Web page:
I don’t think I want to know what’s in it.

For a split second, I wonder what about this room could possibly merit such a dramatic hiding place.

Then I notice the… whatever it is.

 

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The setup seems like something straight out of the craziest fiction: a carved wooden frame, surrounded by stacks of ancient books and sweet-smelling candles, holds a thick, leather-bound book so aged it would disintegrate with a single touch.  To the right, there’s a little shelf that hold various potions and bottled oddities, and to the right, there’s a little metal contraption that looks like the steampunk offspring of a witch’s cauldron and a coal-powered furnace.

With a contented sigh, Lilja settles into an oddly-shaped chair, resting her back against the twisted branches that make up the upper half of the seat.  

I assume that we’re at least somewhat welcome, yet I still feel apprehensive as Judith and I sit on the sofa across from Lilja.

I think there’s some guaranteed unease here.

 

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“So,” Lilja says after a brief pause, “tell me more about what you know.  What have you actually seen?  What are your conclusions?  Who else knows-”

 

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“Hold on,” I interrupt, bringing her barrage of questions.  “I… well, we…” I glance over at Judith for confirmation, assuming she actually knows what I’m asking.  Luckily, she knows my thoughts, even if I don’t understand them myself sometimes; her tiny nod and meaningful look are proof enough.

I can continue with a clearer mind now.

“Here’s the thing:  we can’t trust you.  Not yet, at least.  Nothing against you personally, but to be fair, we’re suddenly finding out that everything we thought was and wasn’t real is a bit of a lie.  Things are getting crazy and dangerous and very, very real, and it’s hard to trust someone so quickly without a whole lot of proof, especially now.  I’m sorry if this sounds terrible- it’s nothing against you- but nothing good has come from these changes… so we need time, I guess, or at least something that can show us you’re not too bad.”

 

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“I haven’t killed you yet, so I have that much going for me.” Lilja tries to crack a smile, but it soon drops.  “Sorry.  Death joke.  Not appropriate.” For all intents and purposes, she’s sobered up again.  “Of course I understand- I was a fool for thinking you wouldn’t be afraid, and I am a fool even now.  However, I’ll need you to believe one more promise I make… please, believe me when I say- I will give you a reason to trust me, and if I don’t, someone else will.”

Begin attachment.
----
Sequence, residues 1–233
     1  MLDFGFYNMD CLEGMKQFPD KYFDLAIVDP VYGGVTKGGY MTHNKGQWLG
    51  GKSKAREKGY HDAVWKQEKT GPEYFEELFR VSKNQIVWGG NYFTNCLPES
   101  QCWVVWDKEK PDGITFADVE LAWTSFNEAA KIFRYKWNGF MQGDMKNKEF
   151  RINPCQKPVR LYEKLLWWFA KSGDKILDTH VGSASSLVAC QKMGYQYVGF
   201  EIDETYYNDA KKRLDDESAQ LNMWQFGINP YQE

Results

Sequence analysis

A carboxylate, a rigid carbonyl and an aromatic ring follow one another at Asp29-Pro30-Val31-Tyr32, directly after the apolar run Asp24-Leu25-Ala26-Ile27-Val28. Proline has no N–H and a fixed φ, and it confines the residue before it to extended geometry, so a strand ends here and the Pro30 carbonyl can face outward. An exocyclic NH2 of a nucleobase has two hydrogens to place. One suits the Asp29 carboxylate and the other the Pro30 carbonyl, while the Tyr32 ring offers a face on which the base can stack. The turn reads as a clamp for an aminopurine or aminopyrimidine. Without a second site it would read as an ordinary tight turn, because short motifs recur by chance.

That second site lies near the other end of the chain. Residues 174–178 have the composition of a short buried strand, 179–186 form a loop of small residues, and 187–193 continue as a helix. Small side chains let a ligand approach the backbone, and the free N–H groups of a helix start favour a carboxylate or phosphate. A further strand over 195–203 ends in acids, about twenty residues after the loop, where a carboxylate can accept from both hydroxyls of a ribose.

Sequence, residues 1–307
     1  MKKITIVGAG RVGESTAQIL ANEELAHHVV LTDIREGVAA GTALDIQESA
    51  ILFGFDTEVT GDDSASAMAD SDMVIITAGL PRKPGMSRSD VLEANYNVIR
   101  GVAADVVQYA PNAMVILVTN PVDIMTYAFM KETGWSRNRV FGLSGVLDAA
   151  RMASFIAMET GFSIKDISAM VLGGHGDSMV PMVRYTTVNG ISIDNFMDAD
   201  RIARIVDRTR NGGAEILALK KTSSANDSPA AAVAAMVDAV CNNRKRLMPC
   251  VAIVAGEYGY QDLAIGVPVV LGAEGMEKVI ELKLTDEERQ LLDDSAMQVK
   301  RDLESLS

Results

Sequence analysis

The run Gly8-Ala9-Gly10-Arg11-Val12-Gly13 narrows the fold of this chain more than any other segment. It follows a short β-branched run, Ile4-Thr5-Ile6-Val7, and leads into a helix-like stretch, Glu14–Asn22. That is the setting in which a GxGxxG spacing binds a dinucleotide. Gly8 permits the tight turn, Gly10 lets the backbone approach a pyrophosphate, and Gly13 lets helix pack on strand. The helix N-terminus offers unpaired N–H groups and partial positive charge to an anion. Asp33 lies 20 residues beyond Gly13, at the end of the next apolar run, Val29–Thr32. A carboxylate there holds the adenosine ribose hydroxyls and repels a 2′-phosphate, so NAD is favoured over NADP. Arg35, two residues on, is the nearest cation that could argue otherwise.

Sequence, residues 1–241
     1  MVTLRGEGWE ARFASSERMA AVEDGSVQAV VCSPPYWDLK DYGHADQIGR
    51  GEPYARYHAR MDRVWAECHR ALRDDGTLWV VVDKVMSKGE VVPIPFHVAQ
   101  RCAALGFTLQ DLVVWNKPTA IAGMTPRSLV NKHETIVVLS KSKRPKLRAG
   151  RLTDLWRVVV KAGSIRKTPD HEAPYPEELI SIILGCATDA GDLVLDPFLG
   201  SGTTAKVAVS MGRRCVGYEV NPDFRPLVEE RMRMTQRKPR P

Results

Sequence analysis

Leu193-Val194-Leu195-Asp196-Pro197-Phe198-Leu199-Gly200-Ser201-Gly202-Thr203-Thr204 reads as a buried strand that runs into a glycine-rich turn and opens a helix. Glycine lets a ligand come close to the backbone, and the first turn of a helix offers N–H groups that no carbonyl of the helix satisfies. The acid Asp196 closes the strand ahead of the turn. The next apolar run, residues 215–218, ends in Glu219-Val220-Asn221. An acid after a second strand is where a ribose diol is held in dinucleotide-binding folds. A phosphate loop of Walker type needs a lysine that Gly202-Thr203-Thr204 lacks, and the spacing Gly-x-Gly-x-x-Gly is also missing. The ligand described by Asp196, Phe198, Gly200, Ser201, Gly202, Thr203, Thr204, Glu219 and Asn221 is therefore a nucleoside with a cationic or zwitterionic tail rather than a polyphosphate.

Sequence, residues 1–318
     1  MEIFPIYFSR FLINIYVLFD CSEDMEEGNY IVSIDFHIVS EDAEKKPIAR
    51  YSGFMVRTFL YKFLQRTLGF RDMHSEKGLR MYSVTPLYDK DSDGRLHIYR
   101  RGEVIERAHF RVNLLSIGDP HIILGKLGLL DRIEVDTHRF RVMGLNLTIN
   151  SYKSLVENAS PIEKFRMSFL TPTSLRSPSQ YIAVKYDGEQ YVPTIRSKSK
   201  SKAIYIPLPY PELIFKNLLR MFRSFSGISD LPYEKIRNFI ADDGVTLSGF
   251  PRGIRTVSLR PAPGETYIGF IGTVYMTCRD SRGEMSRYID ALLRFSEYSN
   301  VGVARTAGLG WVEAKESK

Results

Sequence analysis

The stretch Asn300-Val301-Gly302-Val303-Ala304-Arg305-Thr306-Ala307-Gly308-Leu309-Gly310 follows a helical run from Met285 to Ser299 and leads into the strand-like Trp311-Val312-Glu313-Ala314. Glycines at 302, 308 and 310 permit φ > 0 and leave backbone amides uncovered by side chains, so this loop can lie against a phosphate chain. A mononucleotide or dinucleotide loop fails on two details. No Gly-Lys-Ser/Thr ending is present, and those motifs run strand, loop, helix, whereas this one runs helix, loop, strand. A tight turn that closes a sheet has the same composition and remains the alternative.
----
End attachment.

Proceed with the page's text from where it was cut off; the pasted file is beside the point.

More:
I could probably spend hours digesting that speech, trying to gauge her sincerity, but Lilja seems to want us out of there.  She’s urging us to get up; she practically pulls me up by herself with a surprisingly strong tug on my arm.

“You’re not ready for everything just yet,” she keeps saying.  “You’re not ready to meet Julian.  I need to get you out of here before our usual routine starts.  You need to leave.”

Lilja grabs our hands once more, but this time, I can prepare.

I think.

Before our grand departure, Lilja gives us one more important piece of information that she really shouldn’t be leaving out like this.

“I’ll be contacting you in the near future, when it’s the right time.  Oh, and don’t be afraid- it’s supposed to happen, and no, it is not your imagination.  It is extremely real.”

When she sends us off immediately after her cryptic message, she doesn’t come with us.

 

 

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The place Lilja sent us to is as close to Judith’s house as we could safely be, as if she knew where we wanted to go without ever asking.

I wouldn’t be surprised.

Judith’s the first to figure out our location.

“That’s my house up ahead,” she tells me rather glumly.  “I can tell by the way the lawn chairs shine in the moonlight.”

It’s hard, coming back from what happened to us.  What do I say, after all of that, when Judith is quiet and I can’t seem to open my mouth, when the chirp of the crickets is deafening but still isn’t loud enough to fill the silence?